I was chatting with a journalist friend about the rococo style the other day. It is amazing how a few pointed questions can tie the tongue in knots. “How good is this mirror and why is it so good?” The first part of this question is easy to answer, because I have looked at thousands of rococo mirrors, but the second part is much more difficult. My reference points are to pieces that I have seen, but it isn’t just that they were in a museum or country house, it was because they were beautiful which is a function of design and execution.
Years ago, I had a rococo mirror dating circa 1755 that was very simple. It had the usual rocaille and trees with leaves and flowers and was extremely elegant. I liked the mirror a great deal, but it most certainly was not the best of the best, because the carver clearly had reservations about how much depth to give all these elements. In other words, the design was beautiful and superbly drawn, but the carving, as far as dimension was concerned, was flat. That is not to say that details weren’t well carved because they were.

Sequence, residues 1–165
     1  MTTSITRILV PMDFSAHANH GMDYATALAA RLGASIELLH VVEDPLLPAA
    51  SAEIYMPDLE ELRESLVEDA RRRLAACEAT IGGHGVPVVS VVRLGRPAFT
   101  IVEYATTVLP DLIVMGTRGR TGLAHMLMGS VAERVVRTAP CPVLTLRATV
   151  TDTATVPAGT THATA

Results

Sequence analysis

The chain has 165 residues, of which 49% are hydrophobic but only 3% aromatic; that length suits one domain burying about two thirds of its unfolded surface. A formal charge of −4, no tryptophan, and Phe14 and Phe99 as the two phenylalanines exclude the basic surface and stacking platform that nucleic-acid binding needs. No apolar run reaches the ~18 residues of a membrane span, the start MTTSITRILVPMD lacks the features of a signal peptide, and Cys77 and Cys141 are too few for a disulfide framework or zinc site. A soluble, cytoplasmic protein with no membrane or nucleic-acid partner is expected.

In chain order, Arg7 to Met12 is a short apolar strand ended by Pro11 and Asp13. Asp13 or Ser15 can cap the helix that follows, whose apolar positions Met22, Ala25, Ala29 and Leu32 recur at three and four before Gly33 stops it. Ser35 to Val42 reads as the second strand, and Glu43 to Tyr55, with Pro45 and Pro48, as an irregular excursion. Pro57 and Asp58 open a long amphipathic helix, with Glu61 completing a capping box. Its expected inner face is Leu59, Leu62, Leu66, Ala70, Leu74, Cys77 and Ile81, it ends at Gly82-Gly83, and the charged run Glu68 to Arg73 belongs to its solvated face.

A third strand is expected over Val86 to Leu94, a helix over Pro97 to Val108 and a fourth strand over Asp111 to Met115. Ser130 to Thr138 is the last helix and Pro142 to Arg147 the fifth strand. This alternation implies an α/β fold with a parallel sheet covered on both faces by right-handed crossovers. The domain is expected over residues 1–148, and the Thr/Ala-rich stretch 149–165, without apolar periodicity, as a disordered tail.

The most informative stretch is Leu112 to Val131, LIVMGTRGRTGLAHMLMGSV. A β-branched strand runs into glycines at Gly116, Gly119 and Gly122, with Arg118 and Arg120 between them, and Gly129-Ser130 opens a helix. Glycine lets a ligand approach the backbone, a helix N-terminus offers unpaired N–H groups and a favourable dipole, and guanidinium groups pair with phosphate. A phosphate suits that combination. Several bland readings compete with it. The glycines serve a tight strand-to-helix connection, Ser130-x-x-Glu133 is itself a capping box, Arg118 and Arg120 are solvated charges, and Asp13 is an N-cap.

The rococo is particularly thorny in this regard because the philosophy behind the style is at moments whimsical and at other moments, heavily sculptural and full of drama. Sometimes there is a story and sometimes there isn’t, just a play on the understanding of another culture or age. Hence, trying to rate a mirror or table as being the best is close to pointless. What is much more interesting is to try and divine exactly what the carver/designer was trying to get across. This is not so easy, but it is rewarding and will make the style far more accessible to being understood.